[published]: 1984, November 2
[in]: Calgary Herald, p. F3
[article]: Heavy-metal cliches live
[by]: James Muretich

It was heavy-metal hit parade, Canadian style, at the Max Bell Arena Thursday night as Helix and Kick Axe thundered into town to show off their new leather duds and blow a few eardrums along the way.

These are Canuck up-and-comers, Helix's latest album having sold 100,000 copies while Kick Axe (who were playing the Body Shoppe only a few months ago) has seen its debut disc near 50,000 in sales.

In terms of Calgary show, Kick Axe got top billing since its manager also booked the concert (even though Helix, due to longevity and sales, should've been opening).

Both bands are, of course, riding the surging tide of interest in power chords, their success also buoyed by videos (especially Helix with naughty but effective mini-films).

As well, both groups go for the gusto in their aural attack, using plenty of high volume, high energy rock 'n' roll meant to send little old ladies screaming into the night and thrill pseudo-rebellious teenagers who think loud is proud.

However, while Helix and Kick Axe both employed "concussion" bombs (canned gas powder that makes a big boom) and maintained a strict allegiance to heavy metal rites (guitarists lined up in a row, long locks and leather), the bands were not even in their performances.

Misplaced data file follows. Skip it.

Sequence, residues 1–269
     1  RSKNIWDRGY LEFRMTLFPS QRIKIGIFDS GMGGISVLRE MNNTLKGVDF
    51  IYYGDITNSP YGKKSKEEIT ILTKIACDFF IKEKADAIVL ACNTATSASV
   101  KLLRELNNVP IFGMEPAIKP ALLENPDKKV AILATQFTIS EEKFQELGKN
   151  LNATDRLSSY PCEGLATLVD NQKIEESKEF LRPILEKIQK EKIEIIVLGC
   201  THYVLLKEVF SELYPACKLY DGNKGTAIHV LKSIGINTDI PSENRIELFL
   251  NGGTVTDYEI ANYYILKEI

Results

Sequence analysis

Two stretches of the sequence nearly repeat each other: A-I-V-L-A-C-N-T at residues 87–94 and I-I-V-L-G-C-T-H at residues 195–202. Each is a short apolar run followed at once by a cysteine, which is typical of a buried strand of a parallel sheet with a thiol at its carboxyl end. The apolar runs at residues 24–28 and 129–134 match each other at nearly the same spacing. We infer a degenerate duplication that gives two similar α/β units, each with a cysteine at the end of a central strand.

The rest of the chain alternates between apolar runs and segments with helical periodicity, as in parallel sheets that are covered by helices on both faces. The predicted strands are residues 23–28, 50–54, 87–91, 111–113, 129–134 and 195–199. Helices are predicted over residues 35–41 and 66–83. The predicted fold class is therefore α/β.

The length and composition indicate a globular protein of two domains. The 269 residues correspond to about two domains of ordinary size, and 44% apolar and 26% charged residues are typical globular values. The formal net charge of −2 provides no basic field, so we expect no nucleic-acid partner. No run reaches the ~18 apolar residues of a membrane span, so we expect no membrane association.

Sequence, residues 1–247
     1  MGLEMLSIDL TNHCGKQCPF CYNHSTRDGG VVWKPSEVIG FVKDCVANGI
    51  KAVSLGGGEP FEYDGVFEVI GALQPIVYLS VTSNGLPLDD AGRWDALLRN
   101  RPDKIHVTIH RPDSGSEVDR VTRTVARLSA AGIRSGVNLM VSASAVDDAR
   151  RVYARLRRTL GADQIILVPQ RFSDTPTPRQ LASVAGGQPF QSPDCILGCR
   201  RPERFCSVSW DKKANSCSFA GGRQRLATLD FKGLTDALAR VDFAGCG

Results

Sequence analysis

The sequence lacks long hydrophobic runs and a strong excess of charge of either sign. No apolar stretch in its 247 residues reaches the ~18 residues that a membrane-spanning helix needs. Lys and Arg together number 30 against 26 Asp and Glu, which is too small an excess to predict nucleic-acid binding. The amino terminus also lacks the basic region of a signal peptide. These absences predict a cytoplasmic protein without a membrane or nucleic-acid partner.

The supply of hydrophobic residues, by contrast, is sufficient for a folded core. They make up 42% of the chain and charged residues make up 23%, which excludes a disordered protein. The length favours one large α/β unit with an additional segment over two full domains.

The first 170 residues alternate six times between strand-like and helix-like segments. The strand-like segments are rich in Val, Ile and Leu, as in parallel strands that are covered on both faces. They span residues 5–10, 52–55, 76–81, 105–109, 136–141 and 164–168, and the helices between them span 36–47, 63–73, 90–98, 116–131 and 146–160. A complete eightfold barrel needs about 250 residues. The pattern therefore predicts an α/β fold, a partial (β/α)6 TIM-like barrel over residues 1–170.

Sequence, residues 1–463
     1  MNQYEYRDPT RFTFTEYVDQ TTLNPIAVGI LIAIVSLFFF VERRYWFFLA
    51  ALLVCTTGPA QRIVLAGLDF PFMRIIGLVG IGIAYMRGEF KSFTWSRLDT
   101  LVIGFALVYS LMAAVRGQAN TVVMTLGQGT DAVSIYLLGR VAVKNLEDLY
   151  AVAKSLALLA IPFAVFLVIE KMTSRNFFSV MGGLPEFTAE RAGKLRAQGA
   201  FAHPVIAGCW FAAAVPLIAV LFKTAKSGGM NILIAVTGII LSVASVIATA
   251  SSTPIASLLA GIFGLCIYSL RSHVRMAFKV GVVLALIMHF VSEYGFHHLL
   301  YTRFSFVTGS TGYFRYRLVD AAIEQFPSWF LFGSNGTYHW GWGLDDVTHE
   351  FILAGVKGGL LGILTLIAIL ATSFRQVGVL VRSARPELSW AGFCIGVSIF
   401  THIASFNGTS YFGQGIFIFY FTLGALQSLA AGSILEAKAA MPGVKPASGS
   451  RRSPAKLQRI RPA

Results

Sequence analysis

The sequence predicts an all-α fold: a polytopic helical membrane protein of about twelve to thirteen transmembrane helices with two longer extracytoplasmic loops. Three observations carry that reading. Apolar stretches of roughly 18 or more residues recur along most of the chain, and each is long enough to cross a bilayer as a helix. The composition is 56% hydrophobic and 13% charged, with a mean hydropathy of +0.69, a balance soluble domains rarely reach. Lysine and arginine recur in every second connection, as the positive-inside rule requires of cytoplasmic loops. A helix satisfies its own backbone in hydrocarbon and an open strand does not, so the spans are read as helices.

Helix was tighter musically, their blaring guitar lines effectively raunchy. And lead singer Brian Vollmer was a fitting figure of heavy metal athletics with his leaps, rolls and general hooting and hollering.

As for Kick Axe, the band displayed some strong harmonies but its sound was muddy and - save for an interesting duet between guitarist Raymond Harvey and drummer Brian Gillstrom, following Harvey's third-rate Jimi Hendrix imitation - its musicianship lacked focus.

As well, lead singer George Criston should can the excessive pancake makeup and his Neanderthal nerd movements to concentrate more on his strong singing.

Unfortunately, whatever virtues the two groups might have had were lost in their mindless maintaining of cliches. The need to appear like thugs on stage before their young fans, when they're no such thing in real life, is hypocritical.

As well, their need to reduce everything in song to rocking and fornicating is just downright dumb. One had to laugh when Helix's Vollmer tried to get everybody to raise their hands in the air and clap by saying "Anybody who doesn't put their hands up in the air is a faggot."

Judging from the audience's response, Vollmer underestimated the homosexual community in Calgary just as these bands underestimated the intelligence of youth in general.